10 years ago Craig Finn and Tad Kubler finished watching The Last Waltz and decided to get together, drink some beers and play some music. In terms of titanic, historic acts of decision making, this is up there with Lord Sandwich sticking meat in between two slices of bread for me, and if I’m honest, the only thing I love as much as sandwiches is The Hold Steady, whose sixth studio cut Teeth Dreams lands on March 25.
Sitting with Craig and Tad in a Shoreditch hotel I asked them whether they saw this coming 10 years ago, the short answer? No. “There was zero ambition,” Craig said, “We were having conversations about whether we were even gonna play a show – playing shows in New York was a hassle, we didn’t have cars. We just wanted to drink some beers. We put no pressure on ourselves, went out there and had a really good time.”
It’s that sense of having a good time that’s so palpable in The Hold Steady’s music and what really set them apart in the climate they emerged from, and still captivates to this day. Their latest record Teeth Dreams is awash with everything you’d expect from the band – big hooks, incredible storytelling and killer guitar solos. From the punkish exhuberance of On With The Business, to the beautiful melancholy of The Ambassador, to the dark, sordid, almost psychedelic 9 minute closer Oaks. It’s recognisably The Hold Steady, but somehow sounds thicker, more dynamic and more rounded than ever before, thanks in part to the addition of Steve Selvidge on guitar who really lends a new dynamic to the bands’ sound. Perhaps with the exception of Separation Sunday, a near-perfect rock and roll album, it’s their best record yet.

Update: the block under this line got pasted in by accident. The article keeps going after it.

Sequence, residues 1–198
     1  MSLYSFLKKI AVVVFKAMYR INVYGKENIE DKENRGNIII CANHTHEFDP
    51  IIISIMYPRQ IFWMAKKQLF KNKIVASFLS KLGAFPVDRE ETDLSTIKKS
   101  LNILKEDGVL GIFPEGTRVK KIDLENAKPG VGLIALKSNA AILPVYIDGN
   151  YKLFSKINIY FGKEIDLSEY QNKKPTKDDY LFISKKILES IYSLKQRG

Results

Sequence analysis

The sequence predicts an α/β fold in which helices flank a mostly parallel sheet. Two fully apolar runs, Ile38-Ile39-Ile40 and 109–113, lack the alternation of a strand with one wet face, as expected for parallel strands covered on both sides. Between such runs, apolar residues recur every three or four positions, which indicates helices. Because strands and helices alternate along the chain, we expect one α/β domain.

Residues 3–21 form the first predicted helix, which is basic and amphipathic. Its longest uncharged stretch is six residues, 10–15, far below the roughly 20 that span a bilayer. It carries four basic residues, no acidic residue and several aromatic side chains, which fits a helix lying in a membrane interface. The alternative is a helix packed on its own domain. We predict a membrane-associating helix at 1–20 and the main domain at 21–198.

Over that 10 year period The Hold Steady have grown to acquire cult status, accruing a group of fans as dedicated as any you’ll find – they run the message board, champion the band on social media, buy them gifts and make live shows a wonderful, communal experience and preach the gospel of the Unified Scene. I asked Craig who the first band he obsessed over was:
“This is a 2 part answer, because the first band was Kiss! With Kiss, you were in the Kiss Army, which is kinda what The Unified Scene is based on. You wanted to be part of something, and for the whole world to know. Then there was The Replacements...that was more like following a team, but a team that might get relegated. They were ours and they were kinda loveable losers”
Judging by their stories, Hold Steady fans have that same sense of ownership, with Tad letting us in on some of the stranger requests they receive on tour.
“This doesn’t happen that often anymore, but it definitely has. Sometimes, because people listen to the songs and think they know the characters and lyrics, they ask us to...”
Craig jumps in: “Smoke crack. That’s happened. Yeah.”
It’s not all pipes made outta Pringles cans though. A fan who had turned to the band during a particularly hard year, and who has since become close friends with them, bought them all Christmas presents one year, including an artisan ’76 Les Paul for Tad, and an all expenses paid trip to Florida to see the Minnesota Twins in Spring training for Craig. “Pretty Massive,” he says.
Sitting talking to these two guys whose music has become so important to me, I’m struck by how comfortable they both seem. They’re clearly at a stage where the music they’re making is the music they love and is having the dual effect of creating a real, palpable sense of community amongst its fans. I think back to the rallying cry on the first song of their first album: “All the sniffling indie kids, hold steady! And all you clustered-up clever kids, hold steady!” – 10 years is a long time in music, and I’m glad The Hold Steady are still living by this mantra.
Teeth Dreams is out March 25th and the band are touring the UK in May, playing smallish venues. They said they’d be back to do bigger venues later on down the line.